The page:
• Repeat this process after the specified log_interval (a couple of seconds for example)
  • If/when the connection is dropped, go back to BLE search mode

Now, let's try it out!

Data Logging

When you're ready to log the data, here are the steps (as shown in the video above):

  • While the Feather is unpowered, insert the SD card into the Adalogger card slot
  • Power on the Feather using USB or battery power
  • Place your finger in the pulse oximeter reader and power it on
  • Wear the pulse oximeter for as long as you'd like to log the data
  • Remove the pulse oximeter from your finger and allow it to power down
  • Power down the Feather
  • Remove the SD card

The data will have been written to the SD card in a file called log.txt. Let's look at how to graph that data.

Graphing the Data

Using an SD card reader, and SD card adapter if necessary, plug your SD card into your computer. You'll have a file called log.txt appear on it. Copy that file to your computer.

The log file contents will look something like this:

Tuesday 21/4/2020 18:15:34, 99, 74, 46.00
Tuesday 21/4/2020 18:15:36, 99, 75, 67.00
Tuesday 21/4/2020 18:15:38, 99, 75, 26.00
Tuesday 21/4/2020 18:15:40, 99, 75, 91.00
Tuesday 21/4/2020 18:15:43, 99, 75, 91.00
Tuesday 21/4/2020 18:15:45, 97, 76, 71.00
Tuesday 21/4/2020 18:15:47, 97, 76, 16.00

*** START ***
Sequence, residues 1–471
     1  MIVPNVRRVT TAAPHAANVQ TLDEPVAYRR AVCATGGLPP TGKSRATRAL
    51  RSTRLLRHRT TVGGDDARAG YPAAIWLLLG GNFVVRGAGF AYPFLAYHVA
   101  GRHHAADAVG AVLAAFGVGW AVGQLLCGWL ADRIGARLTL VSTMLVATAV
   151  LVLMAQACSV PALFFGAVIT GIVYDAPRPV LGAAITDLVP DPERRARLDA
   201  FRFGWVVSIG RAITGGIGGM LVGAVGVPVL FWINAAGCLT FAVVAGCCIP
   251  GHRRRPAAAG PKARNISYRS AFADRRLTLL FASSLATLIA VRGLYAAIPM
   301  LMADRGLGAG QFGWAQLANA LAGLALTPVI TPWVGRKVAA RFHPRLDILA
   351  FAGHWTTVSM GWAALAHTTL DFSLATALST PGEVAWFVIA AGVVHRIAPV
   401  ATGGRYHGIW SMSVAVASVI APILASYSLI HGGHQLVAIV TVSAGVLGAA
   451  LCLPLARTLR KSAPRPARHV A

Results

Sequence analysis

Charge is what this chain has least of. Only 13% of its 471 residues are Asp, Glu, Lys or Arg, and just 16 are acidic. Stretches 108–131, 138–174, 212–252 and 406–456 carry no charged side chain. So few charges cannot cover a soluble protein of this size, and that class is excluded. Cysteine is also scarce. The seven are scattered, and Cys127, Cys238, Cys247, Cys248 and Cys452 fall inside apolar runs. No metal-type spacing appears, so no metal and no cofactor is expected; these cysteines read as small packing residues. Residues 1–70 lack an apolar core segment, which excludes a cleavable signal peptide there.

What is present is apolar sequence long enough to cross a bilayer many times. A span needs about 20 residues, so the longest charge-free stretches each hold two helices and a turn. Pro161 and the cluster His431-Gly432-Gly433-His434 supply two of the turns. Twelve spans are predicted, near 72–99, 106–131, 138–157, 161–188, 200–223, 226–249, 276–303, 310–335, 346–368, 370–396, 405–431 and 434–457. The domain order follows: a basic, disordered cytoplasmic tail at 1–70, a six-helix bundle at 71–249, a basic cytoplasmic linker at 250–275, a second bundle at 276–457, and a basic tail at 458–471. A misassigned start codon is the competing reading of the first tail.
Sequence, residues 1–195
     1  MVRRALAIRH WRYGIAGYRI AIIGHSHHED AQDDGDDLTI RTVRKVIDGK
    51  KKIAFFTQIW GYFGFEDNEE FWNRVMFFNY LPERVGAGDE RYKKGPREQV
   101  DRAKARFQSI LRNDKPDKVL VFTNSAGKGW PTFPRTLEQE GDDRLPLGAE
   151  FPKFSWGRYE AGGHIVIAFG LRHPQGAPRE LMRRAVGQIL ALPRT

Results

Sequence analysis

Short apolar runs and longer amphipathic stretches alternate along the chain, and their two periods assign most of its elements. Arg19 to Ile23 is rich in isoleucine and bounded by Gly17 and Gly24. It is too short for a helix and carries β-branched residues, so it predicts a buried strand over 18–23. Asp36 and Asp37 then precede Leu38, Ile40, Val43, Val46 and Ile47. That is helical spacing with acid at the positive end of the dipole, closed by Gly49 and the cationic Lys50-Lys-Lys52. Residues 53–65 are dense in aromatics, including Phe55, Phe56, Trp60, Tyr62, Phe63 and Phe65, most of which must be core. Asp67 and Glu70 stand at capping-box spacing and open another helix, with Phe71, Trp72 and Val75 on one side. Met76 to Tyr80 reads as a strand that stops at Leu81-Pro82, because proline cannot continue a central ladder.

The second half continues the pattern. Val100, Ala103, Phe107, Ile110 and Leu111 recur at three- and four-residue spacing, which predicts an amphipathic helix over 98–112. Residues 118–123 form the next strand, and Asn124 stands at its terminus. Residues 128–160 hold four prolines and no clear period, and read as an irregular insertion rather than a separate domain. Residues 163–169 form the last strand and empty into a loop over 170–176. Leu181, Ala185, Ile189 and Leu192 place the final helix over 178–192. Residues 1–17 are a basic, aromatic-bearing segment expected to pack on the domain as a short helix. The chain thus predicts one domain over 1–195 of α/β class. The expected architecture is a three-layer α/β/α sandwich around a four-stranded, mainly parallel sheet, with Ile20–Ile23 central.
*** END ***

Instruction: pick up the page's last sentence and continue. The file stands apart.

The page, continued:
This has the day/date/time stamp followed by the SpO2%, pulse, and pleth, all separated by commas.

Note that some spreadsheet programs require you to change the extension to ".csv". Otherwise they don't know what to look for and may import incorrectly.

Next, open the file into a spreadsheet program of your choice. We've used Google Sheets. Open a new spreadsheet.

Click File and choose Import.

At the top of the Import file window, click Upload. Then click "Select a file from your computer" and choose your log.txt file.

No changes are needed in the Import File dialog box - the defaults work for our project.

Click Import data.

Now we have our data! It's almost ready to graph.

You can see here that the automatic delimiter detection worked well -- it placed the time-date stamp in one column and each piece of data in its own column, all based on the commas found in the original log.txt file.

You can now select the data you want to graph and click Insert > Chart in the menus.

You can adjust the chart drawing style, labels, colors, and more to your satisfaction.

Here's an intro guide on using charts in Sheets.

There's also some great info in this guide to tuning your data logging graphs.

While your data should ideally be pretty consistent, you can try running around and doing jumping jacks to get some bigger changes in the data you log, just be safe!

This guide was first published on Apr 28, 2020. It was last updated on Apr 28, 2020.